Ferryhill burglar's cover letter a 'very poor effort'

Holme House Prison

Holme House Prison

First published in News
Last updated
Darlington and Stockton Times: Photograph of the Author by , Reporter (Durham)

A MAN who burgled a family home produced an inventive but fundamentally flawed document in an attempt to clear his name, a court was told.

Michael Kieran Gough sent his lawyer documents purporting to be transcripts of telephone conversations between himself and an accomplice which portrayed the other man as the burglar and him as a “handler” only, Durham Crown Court heard today (Tuesday, April 29).

The fraud was quickly spotted, however, as the documents were littered with spelling and grammatical errors and their alleged author, a fictional Holme House Prison officer named Paul Weston, showed up on no record checks.

Philip Morris, for Gough, said: “It’s an inventive but fundamentally flawed attempted to deceive. One immediately smells a rat.

“All this allowed was for the police to metaphorically rub their hands in glee, because he had committed a much more serious crime.”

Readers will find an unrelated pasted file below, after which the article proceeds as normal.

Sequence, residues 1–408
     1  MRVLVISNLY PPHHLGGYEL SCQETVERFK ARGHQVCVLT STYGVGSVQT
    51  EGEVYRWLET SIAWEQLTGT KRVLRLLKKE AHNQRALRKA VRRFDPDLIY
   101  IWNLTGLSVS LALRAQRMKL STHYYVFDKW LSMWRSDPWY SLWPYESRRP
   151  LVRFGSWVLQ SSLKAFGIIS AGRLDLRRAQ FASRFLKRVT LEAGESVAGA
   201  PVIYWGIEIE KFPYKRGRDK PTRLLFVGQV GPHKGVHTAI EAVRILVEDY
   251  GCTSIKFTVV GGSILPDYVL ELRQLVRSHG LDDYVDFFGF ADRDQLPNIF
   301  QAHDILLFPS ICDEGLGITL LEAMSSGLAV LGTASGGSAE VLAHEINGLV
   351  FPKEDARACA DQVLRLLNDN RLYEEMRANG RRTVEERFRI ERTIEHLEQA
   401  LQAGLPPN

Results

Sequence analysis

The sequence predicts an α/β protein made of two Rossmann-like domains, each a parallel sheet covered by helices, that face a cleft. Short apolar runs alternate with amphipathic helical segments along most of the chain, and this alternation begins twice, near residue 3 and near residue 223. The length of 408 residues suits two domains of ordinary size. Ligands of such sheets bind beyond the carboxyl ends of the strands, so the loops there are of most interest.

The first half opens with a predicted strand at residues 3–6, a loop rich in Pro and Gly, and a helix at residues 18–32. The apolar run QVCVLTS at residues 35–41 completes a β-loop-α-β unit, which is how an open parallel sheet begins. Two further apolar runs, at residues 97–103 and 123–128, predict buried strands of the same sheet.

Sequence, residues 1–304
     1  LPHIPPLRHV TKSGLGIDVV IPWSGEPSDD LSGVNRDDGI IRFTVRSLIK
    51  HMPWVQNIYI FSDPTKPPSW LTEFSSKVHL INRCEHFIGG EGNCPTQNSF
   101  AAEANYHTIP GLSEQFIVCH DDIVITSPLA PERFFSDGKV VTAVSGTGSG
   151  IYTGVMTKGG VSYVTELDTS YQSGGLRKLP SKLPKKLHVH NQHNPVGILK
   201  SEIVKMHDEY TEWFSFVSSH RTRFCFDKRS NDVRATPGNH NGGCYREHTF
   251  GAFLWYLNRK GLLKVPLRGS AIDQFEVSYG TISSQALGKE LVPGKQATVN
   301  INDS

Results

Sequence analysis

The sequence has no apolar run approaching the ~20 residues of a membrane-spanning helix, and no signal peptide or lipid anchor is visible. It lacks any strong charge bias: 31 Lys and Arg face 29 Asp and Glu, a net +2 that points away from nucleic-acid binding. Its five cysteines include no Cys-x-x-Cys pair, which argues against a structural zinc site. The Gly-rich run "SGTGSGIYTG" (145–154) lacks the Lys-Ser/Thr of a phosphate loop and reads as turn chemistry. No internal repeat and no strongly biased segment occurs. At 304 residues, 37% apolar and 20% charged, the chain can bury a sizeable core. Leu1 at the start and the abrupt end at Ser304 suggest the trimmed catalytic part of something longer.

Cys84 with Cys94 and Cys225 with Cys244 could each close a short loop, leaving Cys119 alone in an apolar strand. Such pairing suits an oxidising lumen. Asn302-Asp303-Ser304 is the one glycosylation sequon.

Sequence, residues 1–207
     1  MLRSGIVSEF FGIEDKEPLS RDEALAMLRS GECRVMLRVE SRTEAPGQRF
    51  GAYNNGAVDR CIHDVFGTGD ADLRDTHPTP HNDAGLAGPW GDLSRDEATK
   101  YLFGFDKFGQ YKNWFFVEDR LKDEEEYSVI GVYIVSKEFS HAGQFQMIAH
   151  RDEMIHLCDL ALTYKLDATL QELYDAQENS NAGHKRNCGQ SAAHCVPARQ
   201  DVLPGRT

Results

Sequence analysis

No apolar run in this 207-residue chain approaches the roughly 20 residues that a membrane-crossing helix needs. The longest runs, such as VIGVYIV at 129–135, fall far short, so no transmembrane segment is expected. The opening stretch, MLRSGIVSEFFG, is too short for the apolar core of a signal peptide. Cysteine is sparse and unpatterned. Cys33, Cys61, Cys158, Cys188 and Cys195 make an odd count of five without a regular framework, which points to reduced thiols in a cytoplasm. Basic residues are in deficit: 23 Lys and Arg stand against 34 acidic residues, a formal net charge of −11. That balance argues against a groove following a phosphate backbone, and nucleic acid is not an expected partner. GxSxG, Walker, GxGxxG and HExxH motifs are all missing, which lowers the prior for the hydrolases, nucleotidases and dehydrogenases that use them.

Prosecutor Peter Sabiston said it was a very poor effort and Recorder Peter Atherton told Gough he had cobbled together a hopelessly ill-punctuated document which was easily seen-through by the police.

It was not Gough’s first attempt to pervert the course of justice, however.

In 2012, after burgling his grandmother’s home, on Lime Road, Ferryhill, County Durham, he wrote to her from prison urging her to drop the charges. That scheme also failed and Gough was eventually sentenced to eight months behind bars.

The 21-year-old’s latest attempted cover-up came after he stole a Blackberry mobile device from a house on Raby Road, Ferryhill, last April.

A family of five was asleep upstairs at the time and the mother was left feeling nervous and vulnerable, the court heard.

Gough, of Manor View, Ferryhill, admitted burglary and attempting to pervert the course of justice.

In mitigation, Mr Morris said his client had undergone a belated Damascene experience on learning his mother was seriously ill and wanted to get through his prison sentence as quickly as possible.

Recorder Atherton sentenced Gough, a so-called “three strikes burglar”, to two years and 11 months in jail. He will also have to pay a £120 victim surcharge.

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